Researchers can create a molecule from either living or synthetic materials by using high-throughput screening (HTS) techniques to select several promising options from among thousands of possible candidates. HTS is developed and run in order to identify molecules that interact with the drug target. Meanwhile, chemistry programs are also run in order to improve the potency, selectivity and physiochemical properties of the molecule in question. All the while, data is collected in order to support the theory that intervention at the drug target will be effective in the disease state.
Once a number of hits are identified through the HTS process, the drug discovery team aims to narrow down the selection of compounds to work on.
Safety testing of a drug is not only reserved for the clinical trial phase. In fact, throughout the entire drug development process, researchers must establish the safety of a drug before use on humans. Lead compounds are required to undergo a slew of tests to provide a preliminary assessment of safety.
Pharmacokinetics is the process of how the body processes the investigational compound and is an important part of drug discovery. Scientists must work with each of their compounds in order to identify and produce more potent and selective compounds with pharmacokinetic properties that are are efficient in an in vivo setting.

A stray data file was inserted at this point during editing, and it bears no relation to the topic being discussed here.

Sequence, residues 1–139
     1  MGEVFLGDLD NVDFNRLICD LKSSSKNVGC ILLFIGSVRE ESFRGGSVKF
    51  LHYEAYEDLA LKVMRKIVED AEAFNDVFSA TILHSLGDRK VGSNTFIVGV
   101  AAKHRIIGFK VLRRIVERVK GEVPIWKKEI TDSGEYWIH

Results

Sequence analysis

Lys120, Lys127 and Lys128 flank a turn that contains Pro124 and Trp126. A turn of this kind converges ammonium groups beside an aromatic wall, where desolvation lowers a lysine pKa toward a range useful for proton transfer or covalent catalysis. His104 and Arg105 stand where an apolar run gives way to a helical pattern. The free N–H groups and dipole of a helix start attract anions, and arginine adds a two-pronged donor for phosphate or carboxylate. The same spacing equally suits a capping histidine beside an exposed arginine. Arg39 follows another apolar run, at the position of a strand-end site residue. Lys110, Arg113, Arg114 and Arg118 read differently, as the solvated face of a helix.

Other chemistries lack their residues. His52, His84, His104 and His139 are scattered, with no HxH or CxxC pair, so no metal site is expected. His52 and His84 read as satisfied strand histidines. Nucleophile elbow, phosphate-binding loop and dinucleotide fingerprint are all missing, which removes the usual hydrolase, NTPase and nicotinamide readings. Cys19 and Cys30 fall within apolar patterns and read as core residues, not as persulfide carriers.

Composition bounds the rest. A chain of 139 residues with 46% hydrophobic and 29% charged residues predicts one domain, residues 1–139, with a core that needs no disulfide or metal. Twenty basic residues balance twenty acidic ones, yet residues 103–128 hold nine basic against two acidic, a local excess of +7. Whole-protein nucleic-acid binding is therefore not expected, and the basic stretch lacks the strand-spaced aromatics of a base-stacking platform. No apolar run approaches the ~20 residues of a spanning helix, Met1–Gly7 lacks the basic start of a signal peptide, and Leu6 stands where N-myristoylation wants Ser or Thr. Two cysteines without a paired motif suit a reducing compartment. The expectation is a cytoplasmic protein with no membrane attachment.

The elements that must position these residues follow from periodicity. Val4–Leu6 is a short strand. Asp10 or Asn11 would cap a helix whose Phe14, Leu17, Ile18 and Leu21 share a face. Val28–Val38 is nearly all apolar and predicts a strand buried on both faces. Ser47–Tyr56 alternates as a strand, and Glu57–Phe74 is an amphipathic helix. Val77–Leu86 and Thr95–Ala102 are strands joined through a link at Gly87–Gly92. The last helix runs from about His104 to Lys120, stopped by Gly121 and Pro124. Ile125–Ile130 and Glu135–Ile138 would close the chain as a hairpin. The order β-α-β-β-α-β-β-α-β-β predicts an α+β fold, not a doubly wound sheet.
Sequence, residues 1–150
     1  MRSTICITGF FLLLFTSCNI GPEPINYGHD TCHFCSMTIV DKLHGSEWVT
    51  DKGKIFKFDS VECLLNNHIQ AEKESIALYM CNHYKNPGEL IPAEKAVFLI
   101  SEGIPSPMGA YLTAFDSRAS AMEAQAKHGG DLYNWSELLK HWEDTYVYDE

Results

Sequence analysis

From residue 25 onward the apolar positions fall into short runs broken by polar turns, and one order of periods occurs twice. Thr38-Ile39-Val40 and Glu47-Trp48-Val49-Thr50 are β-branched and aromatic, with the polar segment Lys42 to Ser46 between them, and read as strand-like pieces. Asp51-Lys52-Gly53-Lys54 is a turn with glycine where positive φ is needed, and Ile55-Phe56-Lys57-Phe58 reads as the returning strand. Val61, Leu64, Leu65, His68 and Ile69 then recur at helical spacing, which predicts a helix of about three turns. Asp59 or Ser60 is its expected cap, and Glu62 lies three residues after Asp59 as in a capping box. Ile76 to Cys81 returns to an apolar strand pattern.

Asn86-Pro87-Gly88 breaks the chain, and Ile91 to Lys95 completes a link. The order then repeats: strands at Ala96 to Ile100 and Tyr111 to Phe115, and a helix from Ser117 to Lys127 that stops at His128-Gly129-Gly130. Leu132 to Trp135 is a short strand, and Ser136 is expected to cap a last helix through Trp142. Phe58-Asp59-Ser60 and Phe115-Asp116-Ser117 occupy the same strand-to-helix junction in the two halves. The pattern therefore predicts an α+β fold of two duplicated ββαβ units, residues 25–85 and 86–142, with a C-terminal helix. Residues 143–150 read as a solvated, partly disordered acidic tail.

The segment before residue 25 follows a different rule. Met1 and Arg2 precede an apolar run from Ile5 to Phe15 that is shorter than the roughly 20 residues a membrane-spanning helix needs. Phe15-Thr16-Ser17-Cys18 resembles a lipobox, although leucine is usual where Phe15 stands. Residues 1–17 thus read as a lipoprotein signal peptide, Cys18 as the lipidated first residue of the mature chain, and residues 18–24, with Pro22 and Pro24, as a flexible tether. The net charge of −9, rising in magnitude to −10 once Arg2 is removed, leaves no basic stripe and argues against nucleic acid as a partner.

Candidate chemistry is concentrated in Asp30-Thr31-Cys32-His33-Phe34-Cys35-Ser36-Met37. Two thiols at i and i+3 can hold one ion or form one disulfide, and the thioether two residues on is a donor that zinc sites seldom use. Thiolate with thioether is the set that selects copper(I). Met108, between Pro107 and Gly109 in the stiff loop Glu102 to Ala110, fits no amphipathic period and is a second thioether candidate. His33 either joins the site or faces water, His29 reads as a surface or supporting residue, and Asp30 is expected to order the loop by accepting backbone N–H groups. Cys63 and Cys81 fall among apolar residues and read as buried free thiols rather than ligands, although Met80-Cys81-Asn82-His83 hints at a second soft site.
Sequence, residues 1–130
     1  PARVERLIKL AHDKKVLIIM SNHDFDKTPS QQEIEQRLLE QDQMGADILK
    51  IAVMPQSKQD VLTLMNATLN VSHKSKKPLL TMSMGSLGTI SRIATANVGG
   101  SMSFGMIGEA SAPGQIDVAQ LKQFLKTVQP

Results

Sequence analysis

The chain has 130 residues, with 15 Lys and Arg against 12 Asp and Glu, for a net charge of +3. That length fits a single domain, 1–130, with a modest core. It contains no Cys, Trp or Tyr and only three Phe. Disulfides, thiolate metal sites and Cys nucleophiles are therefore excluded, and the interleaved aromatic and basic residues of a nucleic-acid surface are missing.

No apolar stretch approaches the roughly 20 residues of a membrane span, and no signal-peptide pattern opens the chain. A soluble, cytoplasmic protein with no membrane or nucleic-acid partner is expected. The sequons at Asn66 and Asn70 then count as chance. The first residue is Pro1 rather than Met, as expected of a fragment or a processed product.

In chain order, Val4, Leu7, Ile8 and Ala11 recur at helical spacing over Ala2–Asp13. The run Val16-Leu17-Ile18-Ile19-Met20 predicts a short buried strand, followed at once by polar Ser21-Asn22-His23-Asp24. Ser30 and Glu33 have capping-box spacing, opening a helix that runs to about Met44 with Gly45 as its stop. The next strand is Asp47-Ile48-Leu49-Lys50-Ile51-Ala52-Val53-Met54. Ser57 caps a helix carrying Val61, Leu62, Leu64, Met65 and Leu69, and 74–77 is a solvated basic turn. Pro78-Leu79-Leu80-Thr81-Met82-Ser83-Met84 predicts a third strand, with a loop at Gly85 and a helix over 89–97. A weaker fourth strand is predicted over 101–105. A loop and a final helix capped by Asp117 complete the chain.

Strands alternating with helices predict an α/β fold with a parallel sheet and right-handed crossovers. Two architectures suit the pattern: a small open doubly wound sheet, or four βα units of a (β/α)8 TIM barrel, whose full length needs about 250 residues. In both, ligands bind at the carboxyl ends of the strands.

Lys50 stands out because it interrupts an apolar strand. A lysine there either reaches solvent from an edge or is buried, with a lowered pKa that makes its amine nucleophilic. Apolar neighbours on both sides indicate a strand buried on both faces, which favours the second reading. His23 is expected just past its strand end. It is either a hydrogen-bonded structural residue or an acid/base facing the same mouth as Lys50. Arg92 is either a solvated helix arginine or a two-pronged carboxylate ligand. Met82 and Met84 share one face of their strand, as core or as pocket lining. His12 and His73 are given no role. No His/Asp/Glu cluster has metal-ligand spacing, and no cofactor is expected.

The NIH explains that “[t]he HTS assay is generally carried out on protein encoded by human DNA sequences but as animal models are used to validate the activity of compounds in in vivo disease models, in pharmacodynamic (PD)/PK modelling and in preclinical toxicity studies, it is important to have data on activity in vitro on orthologues.”
Overall, in order to be successful in the early phase, a drug must be able to be absorbed into the bloodstream, distributed to proper site of action in the body, metabolized efficiently and effectively as well as successfully excreted from the body. Also, the drug must show that is is not toxic.
The last phase of drug discovery before pre-clinical tests can commence is lead optimization. It is at this point that scientists have succeeded in narrowing down their initial selection of leads, and the remaining lead investigational compounds can be optimized or modified to make them more effective as well as to improve their safety.
The NIH notes that only about 10 percent of small molecule projects within the sector make it to the candidate stage. Reasons for failing at multiple stages can include: inability to configure a reliable assay, no developable hits from HTS; compounds behaving contrary to desired and compounds proving to be toxic in in vitro or in vivo testing.
At this point, there will be many variations, also known as analogues, of the initial lead compound that are produced and tested. The successful compounds will move forward as the candidate drug. A candidate drug will go through several more years of testing and analysis before receiving approval by regulators.
Click here to read part two of the series, which covers the pre-clinical and clinical phases of pharmaceutical drug testing. And stay tuned for the next segment, which will outline regulatory review and approvals.
This article was originally published on Pharmaceutical Investing News on February 10, 2016.
Securities Disclosure: I, Vivien Diniz, hold no direct investment interest in any of the companies mentioned in this article.